Remember those offer letters? They spoke to providing employees a percentage (specified for each employee) of KinneretTech's capital subject to a stock option agreement being in place. But the offer letters did not say a percentage of what. Was it a percentage based on the issued shares at the time the offer letter was signed? Was it a percentage of authorized shares? Was it a percentage when the option plan was put in place? Would the percentage be guaranteed as additional shares were issued? Was it a percentage on an actual or fully diluted basis? What was the option exercise price? There was no way to tell. And to make it worse, no option plan had ever been put in place. One could say: well, then those employees were not entitled to anything. Really? The employees (some now former employees) certainly thought so, and if we closed a deal with many tens of millions of dollars being paid for KinneretTech, would any reasonable person expect them to just walk away? Hardly. And just how was KinneretTech supposed to give any accurate representation and warranty on the capital structure, and deal with the almost assured litigation that would ensue from those employees post-closing? In the States, such a case would be ideal for plaintiffs' lawyers who work on a success-fee basis, with a real possibility of class action litigation. BuyerGlobal wanted a quick deal with no complications. This was not looking pretty.

Not looking pretty then turned into outright ugly. A diligence review of the contract which KinneretTech signed with Goliath revealed that (a) KinneretTech had granted very broad rights in its intellectual property to Goliath, (b) Goliath was not obligated to buy anything from KinneretTech, and (c) in certain key areas, Goliath and BuyerGlobal would be competitors in the marketplace. BuyerGlobal insisted that KinneretTech amend the contract with Goliath. But Goliath had no need to amend. It liked having broad IP rights and no obligation to make any purchases.

The transaction was now looking very questionable. BuyerGlobal was willing to pay a substantial amount of money for KinneretTech if the deal could be done cleanly. If not, they would walk away. Them walking away was looking very possible, and there was no "Plan B" to keep KinneretTech running for the longer term.

There were other serious problems we found in diligence, but due to space limitations in this newsletter, I won't elaborate on them. The challenge we faced was that there were multiple and interlocking serious problems at KinneretTech.   Courses of action that would tend to remedy one problem, triggered issues in other areas. And convincing BuyerGlobal that KinneretTech would remedy these problems, without cost or stress on them, was absolutely essential. So very creative strategies had to be developed and executed with great care. Even then, the amendment of the contract with Goliath was only obtained a few hours before the closing deadline. And, to the enormous relief of all concerned we closed.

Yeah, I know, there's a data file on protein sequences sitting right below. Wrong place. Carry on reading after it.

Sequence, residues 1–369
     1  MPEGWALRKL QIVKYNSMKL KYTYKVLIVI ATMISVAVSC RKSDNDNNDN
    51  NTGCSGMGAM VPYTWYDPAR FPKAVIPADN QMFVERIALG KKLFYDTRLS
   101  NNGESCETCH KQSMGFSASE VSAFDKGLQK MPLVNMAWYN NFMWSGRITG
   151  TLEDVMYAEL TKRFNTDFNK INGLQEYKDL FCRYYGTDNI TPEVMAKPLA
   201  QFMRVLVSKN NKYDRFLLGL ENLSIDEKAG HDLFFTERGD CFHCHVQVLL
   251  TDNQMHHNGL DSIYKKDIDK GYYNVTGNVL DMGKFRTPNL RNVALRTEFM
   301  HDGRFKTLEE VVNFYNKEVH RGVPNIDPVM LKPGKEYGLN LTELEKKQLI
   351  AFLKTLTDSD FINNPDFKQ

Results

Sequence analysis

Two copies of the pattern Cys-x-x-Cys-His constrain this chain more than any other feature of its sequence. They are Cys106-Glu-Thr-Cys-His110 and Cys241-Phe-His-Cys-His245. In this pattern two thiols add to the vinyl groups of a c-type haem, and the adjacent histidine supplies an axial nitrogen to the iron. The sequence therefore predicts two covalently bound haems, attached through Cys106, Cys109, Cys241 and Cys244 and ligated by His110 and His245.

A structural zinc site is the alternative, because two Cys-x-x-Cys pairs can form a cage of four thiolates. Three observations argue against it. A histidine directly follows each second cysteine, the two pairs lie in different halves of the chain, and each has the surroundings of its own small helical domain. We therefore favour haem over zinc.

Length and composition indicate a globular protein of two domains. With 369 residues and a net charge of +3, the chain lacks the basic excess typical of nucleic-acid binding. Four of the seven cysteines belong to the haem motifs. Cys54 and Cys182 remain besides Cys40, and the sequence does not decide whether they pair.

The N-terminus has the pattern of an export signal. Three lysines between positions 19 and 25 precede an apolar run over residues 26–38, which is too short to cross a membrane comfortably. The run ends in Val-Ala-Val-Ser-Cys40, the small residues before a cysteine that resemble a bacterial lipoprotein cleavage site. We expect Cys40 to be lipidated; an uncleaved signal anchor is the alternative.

I share this story as a cautionary tale. This story was a millimeter away from a very different ending. Regardless of which professional advisors a company wishes to use, the important thing, the critically important thing, is that professional advice must be obtained in running a business. One cannot assume that all will simply work out, that everything can be fixed, or that people will necessarily cooperate. The goal of almost every technology entrepreneur and their backers is to bring the technology to a point where a large company is willing to become an acquirer. But large companies have many opportunities for acquisitions, and often will do many each year. In general they want them done expeditiously and cleanly. A potential target that due diligence reveals is a mess may simply be passed over in favor of another and easier acquisition opportunity.

Be sure that being passed-over is a story you tell once a year with your family about a great historical event, and not a story about your company.

The content of this article is intended to provide a general guide to the subject matter. Specialist advice should be sought about your specific circumstances.

To print this article, all you need is to be registered on Mondaq.com.

Click to Login as an existing user or Register so you can print this article.

In association with
Related Video
Up-coming Events Search
Font Size:
Mondaq on Twitter
Register for Access and our Free Biweekly Alert for
This service is completely free. Access 250,000 archived articles from 100+ countries and get a personalised email twice a week covering developments (and yes, our lawyers like to think you’ve read our Disclaimer).
Email Address
Company Name
Confirm Password
Mondaq Topics -- Select your Interests
 Law Performance
 Law Practice
 Media & IT
 Real Estate
 Wealth Mgt
Asia Pacific
European Union
Latin America
Middle East
United States
Worldwide Updates
Check to state you have read and
agree to our Terms and Conditions

Terms & Conditions and Privacy Statement